When You Eat Could Be Just as Important as What You Eat for Diabetics

WWE champion wrestler Bianca Belair has been upfront about her former challenges with night eating. "I ended up having this obsession with food where I was binge eating at night and I was gaining all this weight," she admits. In the ring and in her life, she's discovered that timing matters — that when you eat is just as important as what you eat.

There are wide-ranging, disease-fighting benefits from limiting your food intake to the hours the sun is shining as well as eating the majority of calories before 3 p.m. That's because the sun positively influences how a variety of your hormones work.

A lab study out of the University of Kentucky indicates that if you have type 2 diabetes, restricting mealtimes to an eight- to 12-hour window — say 9 a.m. to 7 p.m. — may help prevent blood pressure from staying high overnight. Blood pressure in healthy people goes down while they sleep, but there's often no dip for people with diabetes. And high blood pressure is associated with increased risk of cardiovascular disease, stroke and heart attack.

So if you have diabetes, it may be helpful to follow your body's circadian rhythm for food and influences your blood pressure's circadian rhythm. That's because when you eat affects a cascade of hormones and other bioactive chemicals that affect your metabolism as well as blood vessel dilation or constriction, respiration and heart beat.

Here's Dr. Oz's Mom's Regimen for Fighting Her Alzheimer's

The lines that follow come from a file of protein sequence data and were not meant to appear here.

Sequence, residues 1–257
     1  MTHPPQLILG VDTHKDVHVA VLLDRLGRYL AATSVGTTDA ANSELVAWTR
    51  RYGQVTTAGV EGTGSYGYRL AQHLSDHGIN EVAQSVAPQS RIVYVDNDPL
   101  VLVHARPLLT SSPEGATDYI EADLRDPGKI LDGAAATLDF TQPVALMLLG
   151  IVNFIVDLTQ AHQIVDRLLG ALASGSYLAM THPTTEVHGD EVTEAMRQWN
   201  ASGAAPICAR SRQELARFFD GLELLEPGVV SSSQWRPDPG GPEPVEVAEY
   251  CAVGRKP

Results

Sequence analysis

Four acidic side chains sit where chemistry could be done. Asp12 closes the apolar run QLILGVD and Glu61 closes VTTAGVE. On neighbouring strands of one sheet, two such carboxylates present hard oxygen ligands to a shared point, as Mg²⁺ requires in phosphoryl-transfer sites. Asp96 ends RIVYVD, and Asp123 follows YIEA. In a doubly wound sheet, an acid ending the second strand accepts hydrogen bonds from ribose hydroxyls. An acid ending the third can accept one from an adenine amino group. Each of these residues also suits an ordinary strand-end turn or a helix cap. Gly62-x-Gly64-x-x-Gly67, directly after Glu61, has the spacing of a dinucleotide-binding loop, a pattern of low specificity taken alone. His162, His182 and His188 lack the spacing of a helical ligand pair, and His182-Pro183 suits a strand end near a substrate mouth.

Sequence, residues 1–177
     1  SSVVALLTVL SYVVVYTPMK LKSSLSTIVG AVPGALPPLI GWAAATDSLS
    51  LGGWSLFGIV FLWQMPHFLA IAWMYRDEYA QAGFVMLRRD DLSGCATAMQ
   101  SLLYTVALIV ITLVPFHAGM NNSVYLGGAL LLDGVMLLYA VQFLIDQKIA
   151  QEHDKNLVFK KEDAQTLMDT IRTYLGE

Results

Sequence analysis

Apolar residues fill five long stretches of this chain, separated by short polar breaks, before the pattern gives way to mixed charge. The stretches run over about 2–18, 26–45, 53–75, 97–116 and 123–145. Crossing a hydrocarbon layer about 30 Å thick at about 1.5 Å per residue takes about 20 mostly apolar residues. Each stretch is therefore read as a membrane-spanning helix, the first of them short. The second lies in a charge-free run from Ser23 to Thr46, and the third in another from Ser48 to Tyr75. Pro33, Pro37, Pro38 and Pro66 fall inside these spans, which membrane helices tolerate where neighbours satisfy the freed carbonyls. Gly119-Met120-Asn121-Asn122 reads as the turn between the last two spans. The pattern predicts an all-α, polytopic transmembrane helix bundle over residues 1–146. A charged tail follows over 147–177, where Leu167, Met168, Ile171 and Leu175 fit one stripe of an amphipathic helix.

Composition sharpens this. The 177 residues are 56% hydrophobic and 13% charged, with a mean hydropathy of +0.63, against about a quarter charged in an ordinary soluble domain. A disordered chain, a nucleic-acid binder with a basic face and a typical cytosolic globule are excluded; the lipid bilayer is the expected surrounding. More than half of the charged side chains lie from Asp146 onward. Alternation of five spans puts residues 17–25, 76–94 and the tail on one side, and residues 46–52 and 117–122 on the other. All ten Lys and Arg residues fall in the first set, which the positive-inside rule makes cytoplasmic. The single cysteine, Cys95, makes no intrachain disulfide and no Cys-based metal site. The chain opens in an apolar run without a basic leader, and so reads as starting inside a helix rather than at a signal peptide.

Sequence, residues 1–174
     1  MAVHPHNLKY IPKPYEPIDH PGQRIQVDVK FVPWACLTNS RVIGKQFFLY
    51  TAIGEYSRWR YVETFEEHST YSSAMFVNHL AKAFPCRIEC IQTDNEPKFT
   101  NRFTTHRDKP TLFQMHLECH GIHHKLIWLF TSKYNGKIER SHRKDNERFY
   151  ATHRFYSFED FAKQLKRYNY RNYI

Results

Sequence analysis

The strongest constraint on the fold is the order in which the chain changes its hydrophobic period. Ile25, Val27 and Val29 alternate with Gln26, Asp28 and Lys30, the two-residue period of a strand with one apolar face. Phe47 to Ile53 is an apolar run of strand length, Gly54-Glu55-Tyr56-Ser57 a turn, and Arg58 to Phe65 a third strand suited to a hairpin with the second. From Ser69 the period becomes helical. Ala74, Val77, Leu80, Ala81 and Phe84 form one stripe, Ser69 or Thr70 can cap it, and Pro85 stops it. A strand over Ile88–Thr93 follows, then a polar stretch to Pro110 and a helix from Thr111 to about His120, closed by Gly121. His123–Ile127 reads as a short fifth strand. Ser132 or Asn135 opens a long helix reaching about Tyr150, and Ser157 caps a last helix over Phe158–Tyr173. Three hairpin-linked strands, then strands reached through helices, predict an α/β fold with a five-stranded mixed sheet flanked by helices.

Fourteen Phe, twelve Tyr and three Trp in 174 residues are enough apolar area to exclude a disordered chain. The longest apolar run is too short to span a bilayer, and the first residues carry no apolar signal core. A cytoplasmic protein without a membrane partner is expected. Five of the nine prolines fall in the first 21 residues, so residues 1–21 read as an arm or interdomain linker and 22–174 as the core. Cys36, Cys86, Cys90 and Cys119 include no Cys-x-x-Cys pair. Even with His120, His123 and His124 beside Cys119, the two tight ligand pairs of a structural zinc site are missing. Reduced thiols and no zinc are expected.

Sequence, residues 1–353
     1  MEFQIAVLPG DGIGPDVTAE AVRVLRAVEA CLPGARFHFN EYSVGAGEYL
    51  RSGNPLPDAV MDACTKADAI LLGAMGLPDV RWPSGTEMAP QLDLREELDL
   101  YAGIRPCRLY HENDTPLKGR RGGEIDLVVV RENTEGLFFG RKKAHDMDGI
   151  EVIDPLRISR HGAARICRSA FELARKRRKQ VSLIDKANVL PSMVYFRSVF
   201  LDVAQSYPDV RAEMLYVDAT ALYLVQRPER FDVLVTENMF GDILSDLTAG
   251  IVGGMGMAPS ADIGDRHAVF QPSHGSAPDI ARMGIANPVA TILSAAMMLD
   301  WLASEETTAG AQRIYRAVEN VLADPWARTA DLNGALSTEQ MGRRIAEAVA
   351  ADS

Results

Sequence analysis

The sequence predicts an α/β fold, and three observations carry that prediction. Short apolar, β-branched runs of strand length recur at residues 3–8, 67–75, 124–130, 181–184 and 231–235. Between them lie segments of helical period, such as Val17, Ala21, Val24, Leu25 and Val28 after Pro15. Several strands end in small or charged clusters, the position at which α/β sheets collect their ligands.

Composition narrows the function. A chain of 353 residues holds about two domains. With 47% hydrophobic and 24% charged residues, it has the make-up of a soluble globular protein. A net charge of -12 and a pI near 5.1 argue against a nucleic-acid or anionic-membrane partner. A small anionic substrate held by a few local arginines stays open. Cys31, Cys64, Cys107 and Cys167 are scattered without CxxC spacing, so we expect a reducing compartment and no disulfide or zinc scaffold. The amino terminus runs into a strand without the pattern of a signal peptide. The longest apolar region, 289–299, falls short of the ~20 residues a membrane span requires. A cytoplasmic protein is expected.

Here are the tools she uses to help manage the progression of the disease.

Personal photos courtesy of Dr.Oz

When Dr. Oz found out in September 2019 that his mom, Suna, then 81, was diagnosed with Alzheimer's disease, he was gutted. He wondered how he missed the signs and what he could do next. Like so many caregivers, he had to recognize that his mom was not going to get better. But he also knew that he wasn't alone: There is an Alzheimer's diagnosis every 65 seconds.

Dr. Oz immediately contacted his friends and colleagues and crafted a treatment plan with two of the country's top experts in the field: Richard S. Isaacson, MD, a neurologist at NewYork-Presbyterian/Weill Cornell Medical Center and the founder of the Alzheimer's Prevention Clinic, and Dr. Rudy Tanzi, a professor of neurology at Harvard and the founder of the "Alzheimer's Genome Project," who co-discovered the first Alzheimer's gene.

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